from The American Heritage® Dictionary of the English Language, 4th Edition
- n. A small furrow, ridge, or crease on a normally smooth surface, caused by crumpling, folding, or shrinking.
- n. A line or crease in the skin, as from age.
- n. A clever trick, method, or device, especially one that is new and different.
- n. A problem or imperfection; a fault: The report had to be revised because of a few wrinkles.
- transitive v. To make wrinkles or a wrinkle in.
- transitive v. To draw up into wrinkles; pucker: wrinkled her nose in disdain.
- intransitive v. To form wrinkles.
from Wiktionary, Creative Commons Attribution/Share-Alike License
- n. A small furrow, ridge or crease in an otherwise smooth surface.
- n. A line or crease in the skin, especially when caused by age or fatigue.
- n. A fault, imperfection or bug especially in a new system or product; typically, they will need to be ironed out.
- v. To make wrinkles in; to cause to have wrinkles.
- v. To pucker or become uneven or irregular.
from the GNU version of the Collaborative International Dictionary of English
- n. A winkle.
- n. A small ridge, prominence, or furrow formed by the shrinking or contraction of any smooth substance; a corrugation; a crease; a slight fold
- n. hence, any roughness; unevenness.
- n. A notion or fancy; a whim.
- transitive v. To contract into furrows and prominences; to make a wrinkle or wrinkles in; to corrugate.
- transitive v. Hence, to make rough or uneven in any way.
- intransitive v. To shrink into furrows and ridges.
from The Century Dictionary and Cyclopedia
- n. A slight ridge in or raised line on a surface caused by contraction, folding, puckering, or rumpling; a line of corrugation, generally one of a series, either regularly or irregularly disposed; a crease: as, wrinkles in a garment, or in an old man's face; wrinkles (small corrugations) in a rock.
- To form wrinkles in: contract, fold, or pucker into small ridges and furrows or creases; corrugate; crease.
- To become contracted into wrinkles; shrink into furrows and ridges; be marked with wrinkles.
- n. A short pithy piece of information or advice; a valuable hint; a bit of useful knowledge or instruction; a good idea; a trick; a point; a notion; a device.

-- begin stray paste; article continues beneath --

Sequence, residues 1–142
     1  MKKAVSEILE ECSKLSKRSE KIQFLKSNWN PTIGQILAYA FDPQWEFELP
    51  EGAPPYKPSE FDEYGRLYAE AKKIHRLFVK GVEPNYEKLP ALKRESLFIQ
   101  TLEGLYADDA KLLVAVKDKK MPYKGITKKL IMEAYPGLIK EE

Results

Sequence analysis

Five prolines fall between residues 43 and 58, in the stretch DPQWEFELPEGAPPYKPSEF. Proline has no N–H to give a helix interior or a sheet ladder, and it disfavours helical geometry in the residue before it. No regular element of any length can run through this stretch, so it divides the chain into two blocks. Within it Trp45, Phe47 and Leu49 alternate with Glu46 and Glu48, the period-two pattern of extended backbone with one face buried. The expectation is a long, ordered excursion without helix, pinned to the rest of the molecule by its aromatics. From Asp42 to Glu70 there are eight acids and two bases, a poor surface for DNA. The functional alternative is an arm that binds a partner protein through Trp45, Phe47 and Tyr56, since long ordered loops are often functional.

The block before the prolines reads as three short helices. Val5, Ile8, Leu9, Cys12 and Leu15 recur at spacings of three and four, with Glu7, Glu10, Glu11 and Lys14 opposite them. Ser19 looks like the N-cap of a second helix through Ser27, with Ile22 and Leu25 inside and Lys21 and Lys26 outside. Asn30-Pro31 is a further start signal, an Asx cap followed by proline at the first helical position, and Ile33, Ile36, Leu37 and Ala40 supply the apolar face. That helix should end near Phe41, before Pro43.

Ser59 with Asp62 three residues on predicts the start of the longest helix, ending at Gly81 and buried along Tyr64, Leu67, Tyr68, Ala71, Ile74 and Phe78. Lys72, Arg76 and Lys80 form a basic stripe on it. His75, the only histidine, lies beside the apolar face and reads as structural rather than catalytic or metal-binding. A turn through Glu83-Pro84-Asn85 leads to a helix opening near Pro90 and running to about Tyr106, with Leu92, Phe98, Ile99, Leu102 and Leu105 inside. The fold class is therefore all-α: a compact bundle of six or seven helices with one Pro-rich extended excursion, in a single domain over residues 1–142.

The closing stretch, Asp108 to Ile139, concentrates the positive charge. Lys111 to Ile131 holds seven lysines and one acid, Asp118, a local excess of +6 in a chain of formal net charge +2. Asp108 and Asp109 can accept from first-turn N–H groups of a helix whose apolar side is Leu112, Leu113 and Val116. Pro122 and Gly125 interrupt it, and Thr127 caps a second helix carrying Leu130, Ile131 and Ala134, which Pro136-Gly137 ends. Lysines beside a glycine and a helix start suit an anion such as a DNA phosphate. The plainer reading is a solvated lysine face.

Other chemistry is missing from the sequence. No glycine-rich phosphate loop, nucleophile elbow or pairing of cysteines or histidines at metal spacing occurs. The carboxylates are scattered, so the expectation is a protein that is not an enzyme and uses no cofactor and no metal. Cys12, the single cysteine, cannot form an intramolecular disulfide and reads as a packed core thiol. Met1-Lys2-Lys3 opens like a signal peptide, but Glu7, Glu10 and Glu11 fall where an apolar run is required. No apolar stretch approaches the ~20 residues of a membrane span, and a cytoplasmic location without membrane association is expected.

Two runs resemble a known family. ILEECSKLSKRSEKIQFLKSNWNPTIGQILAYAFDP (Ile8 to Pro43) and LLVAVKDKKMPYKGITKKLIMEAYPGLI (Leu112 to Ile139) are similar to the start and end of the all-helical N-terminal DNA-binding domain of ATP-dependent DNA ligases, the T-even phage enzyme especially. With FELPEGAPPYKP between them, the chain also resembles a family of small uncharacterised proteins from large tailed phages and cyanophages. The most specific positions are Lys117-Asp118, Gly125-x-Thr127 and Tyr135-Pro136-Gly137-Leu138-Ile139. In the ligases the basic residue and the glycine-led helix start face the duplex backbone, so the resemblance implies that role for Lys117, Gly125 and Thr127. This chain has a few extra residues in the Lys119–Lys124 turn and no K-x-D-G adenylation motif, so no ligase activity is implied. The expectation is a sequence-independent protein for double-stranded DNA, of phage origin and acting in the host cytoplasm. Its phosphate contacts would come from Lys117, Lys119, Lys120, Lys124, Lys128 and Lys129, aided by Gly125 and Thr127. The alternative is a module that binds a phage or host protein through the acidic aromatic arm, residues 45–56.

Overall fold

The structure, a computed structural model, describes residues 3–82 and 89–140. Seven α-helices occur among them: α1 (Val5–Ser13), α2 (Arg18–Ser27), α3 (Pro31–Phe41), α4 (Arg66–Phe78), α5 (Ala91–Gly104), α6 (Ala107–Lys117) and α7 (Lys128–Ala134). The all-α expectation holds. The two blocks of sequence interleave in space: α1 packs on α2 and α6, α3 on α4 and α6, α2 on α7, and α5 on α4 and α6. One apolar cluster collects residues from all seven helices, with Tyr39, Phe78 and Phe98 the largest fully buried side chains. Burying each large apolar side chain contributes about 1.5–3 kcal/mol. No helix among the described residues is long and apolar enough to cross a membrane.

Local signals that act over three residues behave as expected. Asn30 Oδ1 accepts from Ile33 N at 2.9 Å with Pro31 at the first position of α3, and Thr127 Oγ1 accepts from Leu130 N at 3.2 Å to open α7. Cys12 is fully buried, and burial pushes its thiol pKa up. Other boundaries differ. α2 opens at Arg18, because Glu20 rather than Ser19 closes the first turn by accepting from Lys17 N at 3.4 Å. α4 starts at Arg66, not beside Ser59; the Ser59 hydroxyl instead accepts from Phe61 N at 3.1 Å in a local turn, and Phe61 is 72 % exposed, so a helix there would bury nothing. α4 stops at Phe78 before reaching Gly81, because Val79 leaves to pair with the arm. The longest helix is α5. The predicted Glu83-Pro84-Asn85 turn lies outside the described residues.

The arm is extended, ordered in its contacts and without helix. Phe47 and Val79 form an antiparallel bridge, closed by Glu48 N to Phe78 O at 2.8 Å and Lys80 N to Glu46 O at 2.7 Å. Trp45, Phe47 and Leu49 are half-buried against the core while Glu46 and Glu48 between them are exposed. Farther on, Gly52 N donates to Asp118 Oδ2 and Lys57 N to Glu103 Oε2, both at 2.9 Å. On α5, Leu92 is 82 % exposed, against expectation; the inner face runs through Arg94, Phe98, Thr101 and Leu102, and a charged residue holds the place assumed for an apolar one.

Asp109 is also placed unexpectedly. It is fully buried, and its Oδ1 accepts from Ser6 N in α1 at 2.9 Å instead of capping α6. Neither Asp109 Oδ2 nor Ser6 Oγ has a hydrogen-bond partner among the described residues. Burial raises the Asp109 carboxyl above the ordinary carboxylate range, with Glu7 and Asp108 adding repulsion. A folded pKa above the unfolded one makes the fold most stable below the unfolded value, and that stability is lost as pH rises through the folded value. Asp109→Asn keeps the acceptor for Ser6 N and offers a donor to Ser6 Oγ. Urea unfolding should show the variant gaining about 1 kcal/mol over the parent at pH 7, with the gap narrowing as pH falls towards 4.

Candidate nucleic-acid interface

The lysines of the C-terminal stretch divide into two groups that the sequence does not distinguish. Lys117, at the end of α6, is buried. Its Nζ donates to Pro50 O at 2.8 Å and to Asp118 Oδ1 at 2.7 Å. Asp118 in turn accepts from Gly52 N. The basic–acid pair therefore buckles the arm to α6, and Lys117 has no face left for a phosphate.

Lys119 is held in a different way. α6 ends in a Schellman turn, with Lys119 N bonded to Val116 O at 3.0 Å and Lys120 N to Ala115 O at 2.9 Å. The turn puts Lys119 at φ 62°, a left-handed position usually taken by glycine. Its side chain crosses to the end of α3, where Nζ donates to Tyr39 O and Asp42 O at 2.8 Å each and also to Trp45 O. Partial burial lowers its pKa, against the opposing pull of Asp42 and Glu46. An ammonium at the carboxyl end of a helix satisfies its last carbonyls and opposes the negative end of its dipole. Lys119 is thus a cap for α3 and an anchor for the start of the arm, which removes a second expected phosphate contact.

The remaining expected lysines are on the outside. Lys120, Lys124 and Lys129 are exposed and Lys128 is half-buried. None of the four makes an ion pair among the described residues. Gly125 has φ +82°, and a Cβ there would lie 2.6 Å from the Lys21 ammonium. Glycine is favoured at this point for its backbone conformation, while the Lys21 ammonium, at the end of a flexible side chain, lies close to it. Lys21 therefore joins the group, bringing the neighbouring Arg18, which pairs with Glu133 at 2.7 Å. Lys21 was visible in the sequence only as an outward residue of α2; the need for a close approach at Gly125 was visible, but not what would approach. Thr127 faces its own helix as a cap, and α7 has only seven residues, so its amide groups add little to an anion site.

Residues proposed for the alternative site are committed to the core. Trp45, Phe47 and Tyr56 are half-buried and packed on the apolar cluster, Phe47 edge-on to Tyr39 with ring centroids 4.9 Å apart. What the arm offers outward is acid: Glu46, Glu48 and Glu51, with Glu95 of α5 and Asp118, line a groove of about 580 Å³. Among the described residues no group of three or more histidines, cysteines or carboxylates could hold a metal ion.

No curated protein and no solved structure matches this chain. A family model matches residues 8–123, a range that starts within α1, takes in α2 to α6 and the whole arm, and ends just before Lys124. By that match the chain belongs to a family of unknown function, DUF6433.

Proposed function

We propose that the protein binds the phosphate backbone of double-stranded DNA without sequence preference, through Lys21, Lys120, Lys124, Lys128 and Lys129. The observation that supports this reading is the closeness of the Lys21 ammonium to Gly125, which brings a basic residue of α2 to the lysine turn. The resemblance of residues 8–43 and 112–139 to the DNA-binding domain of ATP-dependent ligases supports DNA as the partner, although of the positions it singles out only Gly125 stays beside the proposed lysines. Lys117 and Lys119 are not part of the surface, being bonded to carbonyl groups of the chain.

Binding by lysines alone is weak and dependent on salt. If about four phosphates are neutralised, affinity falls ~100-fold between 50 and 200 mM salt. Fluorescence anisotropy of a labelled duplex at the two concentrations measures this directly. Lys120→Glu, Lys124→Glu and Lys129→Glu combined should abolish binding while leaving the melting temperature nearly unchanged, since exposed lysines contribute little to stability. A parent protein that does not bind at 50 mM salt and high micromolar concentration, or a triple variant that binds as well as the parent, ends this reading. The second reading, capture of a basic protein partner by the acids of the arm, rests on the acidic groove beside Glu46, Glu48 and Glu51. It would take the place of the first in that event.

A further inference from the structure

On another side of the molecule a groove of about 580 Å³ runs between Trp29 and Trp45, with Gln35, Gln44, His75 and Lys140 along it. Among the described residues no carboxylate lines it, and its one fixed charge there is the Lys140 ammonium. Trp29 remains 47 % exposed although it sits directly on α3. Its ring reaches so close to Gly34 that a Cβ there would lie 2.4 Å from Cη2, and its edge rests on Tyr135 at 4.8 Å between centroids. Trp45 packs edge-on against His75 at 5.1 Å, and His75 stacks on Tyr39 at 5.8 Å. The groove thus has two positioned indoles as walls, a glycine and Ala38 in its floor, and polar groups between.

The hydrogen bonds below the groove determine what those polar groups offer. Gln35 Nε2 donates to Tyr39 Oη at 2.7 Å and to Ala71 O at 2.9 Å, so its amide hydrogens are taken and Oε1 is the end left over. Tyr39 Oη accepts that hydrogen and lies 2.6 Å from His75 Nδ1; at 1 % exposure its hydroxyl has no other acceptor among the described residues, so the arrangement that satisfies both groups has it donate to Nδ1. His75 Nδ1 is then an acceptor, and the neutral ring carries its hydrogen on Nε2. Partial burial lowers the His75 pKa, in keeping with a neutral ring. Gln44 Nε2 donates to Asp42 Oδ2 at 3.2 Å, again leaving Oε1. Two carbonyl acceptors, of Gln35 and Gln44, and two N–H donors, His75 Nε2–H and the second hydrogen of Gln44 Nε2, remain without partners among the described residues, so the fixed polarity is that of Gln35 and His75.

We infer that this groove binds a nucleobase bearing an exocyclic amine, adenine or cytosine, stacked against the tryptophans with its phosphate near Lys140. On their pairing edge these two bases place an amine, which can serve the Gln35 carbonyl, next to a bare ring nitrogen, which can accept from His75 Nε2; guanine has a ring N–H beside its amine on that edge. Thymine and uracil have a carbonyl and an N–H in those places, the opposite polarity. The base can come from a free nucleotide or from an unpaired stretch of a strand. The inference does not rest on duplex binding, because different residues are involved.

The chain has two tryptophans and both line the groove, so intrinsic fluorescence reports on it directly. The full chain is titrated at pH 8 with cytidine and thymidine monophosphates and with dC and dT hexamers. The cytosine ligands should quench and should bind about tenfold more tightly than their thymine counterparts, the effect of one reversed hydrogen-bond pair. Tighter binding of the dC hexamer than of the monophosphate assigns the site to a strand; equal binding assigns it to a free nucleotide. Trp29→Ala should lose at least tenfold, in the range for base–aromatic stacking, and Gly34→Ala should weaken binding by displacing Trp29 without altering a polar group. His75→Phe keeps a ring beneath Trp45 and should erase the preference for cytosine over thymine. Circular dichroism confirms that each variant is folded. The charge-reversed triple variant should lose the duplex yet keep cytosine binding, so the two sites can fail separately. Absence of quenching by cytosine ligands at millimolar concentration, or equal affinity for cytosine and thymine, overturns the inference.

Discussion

from WordNet 3.0 Copyright 2006 by Princeton University. All rights reserved.
- v. become wrinkled or crumpled or creased
- n. a slight depression in the smoothness of a surface
- v. make wrinkled or creased
- n. a minor difficulty
- v. make wrinkles or creases on a smooth surface; make a pressed, folded or wrinkled line in
- v. gather or contract into wrinkles or folds; pucker
- n. a clever method of doing something (especially something new and different)
People meeting me for the first time don't believe my age because I remain wrinkle free and pretty much mentally alert.
One extra wrinkle is that some loan officers are good at teasing out the details of a borrower's credit history and finding those that have bad pasts but good futures.
One wrinkle is that agencies often don't own up to the costs of their rules, so REINS should also hold for rules that a member designates as particularly controversial, not just "major" ones.
The wrinkle is that airlines are now required to have contingency plans on file for how they will deal with long tarmac delays at large and medium hub airports.
Another wrinkle is that a large first class economic city is a big draw for ambitious folks, even if the average economic situation of a UKer were weaker than the average situation of a Dane (I'm not claiming it is).
The only wrinkle is that the House proposes to do this pursuant to a “rule” whereby a single vote will determine the passage of both X andY.
A cool wrinkle is you can check your Wii Age at any time with the Wii Fit Channel.
The one wrinkle is that, as one of my fellow CFP attendees put it, we are now a lot like medieval demons: Speak our names, and we appear.
As soon as a joint or wrinkle is detected the Pryder stops and squats and turns on full adhesion.
Another potential wrinkle is star Benicio Del Toro.